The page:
“The way the stadium is, the fans are right on top of you,” said former U.S. national-team coach Bruce Arena. “That’s intimidating for players, of course, but even more for officials.”

    Arena’s vehement arguing against a handball call made by referee Peter Prendergast against defender Gregg Berhalter in 2000 led to a multiple-game suspension for the coach.

    The passing of time may have mellowed Arena somewhat, as the current Galaxy coach looked back and expressed a certain understanding of the burden officials face. “In the old days, the security was nonexistent, almost,” Arena said. “It was very tough to get any close call when clearly the officials didn’t feel safe.”

    Berhalter had a similar take when he recalled the incident. “They were going nuts and the referee was a bit nervous for his life, maybe. He made up a call.”

    In Arena’s day, the stadium actually boasted a grass field, but Costa Rica’s rainy season wrecked havoc on it. “A very bad field is worse than a good turf field,” said Arena. “That old field was just horrible. They’d get these late-afternoon rains and it would turn into a pit. The heat is also a factor.”

    The criticisms didn’t end there. “The visiting locker rooms, it was as if they’d start preparing them a year in advance — they’d be filthy,” Arena continued. “I leave it to your imagination what can accumulate in that sort of environment. The smell was terrible.”

    Whatever worked up by the ardent Ticos fans has been successful. Costa Rica manhandled a rather young U.S. team in its last World Cup qualifying contest, winning 3-0 in October ’05 (though the Americans already had clinched qualification for the ’06 World Cup).

    FIFA, however, has had to take action against overzealous fans who have thrown objects at the players during matches. Security has increased, but the incidents served to add to the legacy of the pit.

    Berhalter had a few words for outsiders who insist that CONCACAF qualifying is a joke. “Go down there and play,” said the Galaxy defender. “The Germans, first of all, they’d die of the heat. Second of all, the antics going on would drive them crazy. The fire alarms in the middle of the night, the radio stations blaring in front of your hotel. The 12 o’clock kickoff in the middle of July. That stuff, they wouldn’t deal with that. The sandwiches, the rocks, the batteries.”

    Though he didn’t play in the 3-0 loss, Landon Donovan did dread a return trip to Costa Rica. “Saprissa feels like the most difficult place to play.” said Donovan, pointing out events off the ball. “In Salvador, they’re a ways away, and even in Azteca, it is a ways away. You can feel it, you can hear the fans right there. It makes it tougher.”

    Costa Rica is one of only two CONCACAF countries that has a positive overall goal ratio against the U.S. It would be a tough team to compete against anywhere, let alone at the toughest venue in the region.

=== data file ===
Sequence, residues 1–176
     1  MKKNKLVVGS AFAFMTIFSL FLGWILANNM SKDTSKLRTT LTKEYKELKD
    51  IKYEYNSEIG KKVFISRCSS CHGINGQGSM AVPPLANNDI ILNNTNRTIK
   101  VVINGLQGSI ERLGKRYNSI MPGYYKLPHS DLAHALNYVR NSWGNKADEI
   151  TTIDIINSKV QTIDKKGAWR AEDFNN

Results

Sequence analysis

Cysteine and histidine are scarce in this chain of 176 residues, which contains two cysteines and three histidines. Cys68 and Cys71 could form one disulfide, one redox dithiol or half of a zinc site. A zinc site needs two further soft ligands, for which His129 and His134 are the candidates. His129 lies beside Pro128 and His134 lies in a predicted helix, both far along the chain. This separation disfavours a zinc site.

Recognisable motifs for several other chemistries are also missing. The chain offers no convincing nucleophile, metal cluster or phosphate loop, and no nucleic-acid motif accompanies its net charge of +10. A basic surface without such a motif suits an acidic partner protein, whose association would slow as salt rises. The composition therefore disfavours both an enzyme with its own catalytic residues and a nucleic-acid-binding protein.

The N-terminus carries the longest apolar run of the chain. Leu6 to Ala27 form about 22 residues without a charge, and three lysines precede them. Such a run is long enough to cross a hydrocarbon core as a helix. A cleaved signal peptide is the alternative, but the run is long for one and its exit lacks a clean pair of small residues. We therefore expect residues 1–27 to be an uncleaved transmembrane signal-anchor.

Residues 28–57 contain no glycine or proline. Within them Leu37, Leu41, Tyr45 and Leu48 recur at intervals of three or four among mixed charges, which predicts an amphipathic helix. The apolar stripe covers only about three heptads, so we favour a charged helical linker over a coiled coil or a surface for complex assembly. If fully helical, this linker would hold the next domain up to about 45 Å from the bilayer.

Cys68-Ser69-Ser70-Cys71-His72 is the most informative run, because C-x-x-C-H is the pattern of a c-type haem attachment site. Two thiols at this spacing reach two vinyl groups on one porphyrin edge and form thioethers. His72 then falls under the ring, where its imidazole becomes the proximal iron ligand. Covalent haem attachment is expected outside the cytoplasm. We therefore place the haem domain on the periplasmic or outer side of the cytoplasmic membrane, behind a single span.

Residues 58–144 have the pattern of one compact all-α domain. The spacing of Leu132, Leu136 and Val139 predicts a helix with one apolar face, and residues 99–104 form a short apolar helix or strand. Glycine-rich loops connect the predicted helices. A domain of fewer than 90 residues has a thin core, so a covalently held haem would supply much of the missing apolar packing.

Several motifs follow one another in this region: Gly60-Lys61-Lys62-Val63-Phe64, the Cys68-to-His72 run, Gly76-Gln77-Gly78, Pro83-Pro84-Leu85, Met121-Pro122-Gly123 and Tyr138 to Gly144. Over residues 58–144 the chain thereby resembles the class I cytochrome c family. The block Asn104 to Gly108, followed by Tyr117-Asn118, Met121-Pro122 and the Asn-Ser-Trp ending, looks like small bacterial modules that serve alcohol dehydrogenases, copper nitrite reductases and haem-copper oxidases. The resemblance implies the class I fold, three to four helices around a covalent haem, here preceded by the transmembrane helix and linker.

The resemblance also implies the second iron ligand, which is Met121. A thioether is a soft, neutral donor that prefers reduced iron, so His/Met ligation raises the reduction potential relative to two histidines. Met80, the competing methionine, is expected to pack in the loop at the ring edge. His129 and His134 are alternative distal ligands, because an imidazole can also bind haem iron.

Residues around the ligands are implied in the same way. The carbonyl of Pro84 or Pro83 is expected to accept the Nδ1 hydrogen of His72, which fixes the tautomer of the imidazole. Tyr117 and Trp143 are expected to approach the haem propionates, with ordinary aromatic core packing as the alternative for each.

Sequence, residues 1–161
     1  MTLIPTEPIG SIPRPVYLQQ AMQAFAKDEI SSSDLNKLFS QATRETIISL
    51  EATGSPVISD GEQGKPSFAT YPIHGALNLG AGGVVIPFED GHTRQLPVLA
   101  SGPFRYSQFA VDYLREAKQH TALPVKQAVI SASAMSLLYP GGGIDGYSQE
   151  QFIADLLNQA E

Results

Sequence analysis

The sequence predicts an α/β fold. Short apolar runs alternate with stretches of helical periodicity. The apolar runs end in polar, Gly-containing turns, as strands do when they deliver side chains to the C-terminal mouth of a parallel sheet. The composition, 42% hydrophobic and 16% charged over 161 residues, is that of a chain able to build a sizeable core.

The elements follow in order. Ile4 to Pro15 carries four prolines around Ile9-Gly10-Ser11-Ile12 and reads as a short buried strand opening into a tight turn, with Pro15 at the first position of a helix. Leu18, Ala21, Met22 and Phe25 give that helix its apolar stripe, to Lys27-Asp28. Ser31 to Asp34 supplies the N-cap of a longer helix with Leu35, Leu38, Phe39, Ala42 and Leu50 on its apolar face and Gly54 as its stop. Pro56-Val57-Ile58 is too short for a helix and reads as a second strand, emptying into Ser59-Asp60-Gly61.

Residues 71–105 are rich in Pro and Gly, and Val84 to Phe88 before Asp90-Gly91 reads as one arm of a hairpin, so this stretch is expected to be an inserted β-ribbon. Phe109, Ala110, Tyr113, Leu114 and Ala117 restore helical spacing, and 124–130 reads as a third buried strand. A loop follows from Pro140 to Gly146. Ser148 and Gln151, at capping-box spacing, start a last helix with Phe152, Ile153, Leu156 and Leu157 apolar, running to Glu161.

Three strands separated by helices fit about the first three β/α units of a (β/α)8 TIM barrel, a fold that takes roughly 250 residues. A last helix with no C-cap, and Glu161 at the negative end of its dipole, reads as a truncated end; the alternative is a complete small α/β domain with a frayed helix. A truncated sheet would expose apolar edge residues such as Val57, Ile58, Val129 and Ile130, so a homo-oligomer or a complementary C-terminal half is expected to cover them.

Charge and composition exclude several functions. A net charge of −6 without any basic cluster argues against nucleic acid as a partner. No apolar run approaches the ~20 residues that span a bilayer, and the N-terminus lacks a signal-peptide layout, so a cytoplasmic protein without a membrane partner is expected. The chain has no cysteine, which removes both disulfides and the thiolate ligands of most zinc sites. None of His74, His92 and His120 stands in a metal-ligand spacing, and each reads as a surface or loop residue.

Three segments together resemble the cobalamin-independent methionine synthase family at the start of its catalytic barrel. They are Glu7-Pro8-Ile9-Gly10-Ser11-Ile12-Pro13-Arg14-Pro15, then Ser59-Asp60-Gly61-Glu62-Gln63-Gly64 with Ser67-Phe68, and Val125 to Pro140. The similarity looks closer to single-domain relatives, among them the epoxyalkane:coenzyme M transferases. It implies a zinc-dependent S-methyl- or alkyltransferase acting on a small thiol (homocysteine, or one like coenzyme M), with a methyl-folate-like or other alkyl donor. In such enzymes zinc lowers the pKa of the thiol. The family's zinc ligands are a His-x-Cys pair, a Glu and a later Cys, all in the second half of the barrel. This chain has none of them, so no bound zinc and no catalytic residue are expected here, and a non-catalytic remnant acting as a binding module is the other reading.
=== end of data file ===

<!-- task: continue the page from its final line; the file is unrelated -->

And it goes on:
“They’re a solid team,” Donovan said. “There’s pressure for them to win at home. If we get four or six points out of these next two games, we’re very nearly qualified. So that’s our goal in these two games.

    Even though Saprissa will not suit up and take the field, the stadium itself gives Costa Rican players extra confidence. The U.S., which may have overlooked los Ticos in the past due to the constant focus on beating Mexico, now faces an opportunity to make history.

    “There’s a very hostile crowd and it’s a difficult place to get three points,” said Berhalter. “But the team’s in charge right now. They’re ahead of the group. This could be a chance for us to get three points.”

    The Azteca may get more attention as a horrific venue for visiting squads, but the record shows that Saprissa is a real beast. Donovan is ready for the challenge of winning in the legendary stadium, pointing out that young players on the U.S. team should have learned from the first few matches of qualifying, where in one game, the U.S. trailed by two goals before storming back to equalize.

    “El Salvador was a good test,” Donovan noted. “It was a wake-up call and now I think those guys know what to expect. It’s never easy.”

    Andrea Canales is chief editor of Goal.com North America.

    Read More: http://sportsillustrated.cnn.com/2009/writers/andrea_canales/06/01/costa-rica/index.html#ixzz2QoxyebaF

    • admin said:

      Understood, but are they going to play every team there? Or can national teams just chose whatever stadium they want for whatever team they want? Isn’t that why you built the national stadium so more people can see games and to have a state of the art facility? And now back to a stadium where people throw bags of pee and shit at the players? I would not want to play there either, but Ticos think it is the stadium….No, it is the fans acting like complete jack asses with ZERO class.

      And that column was written before Costa Rica had a national stadium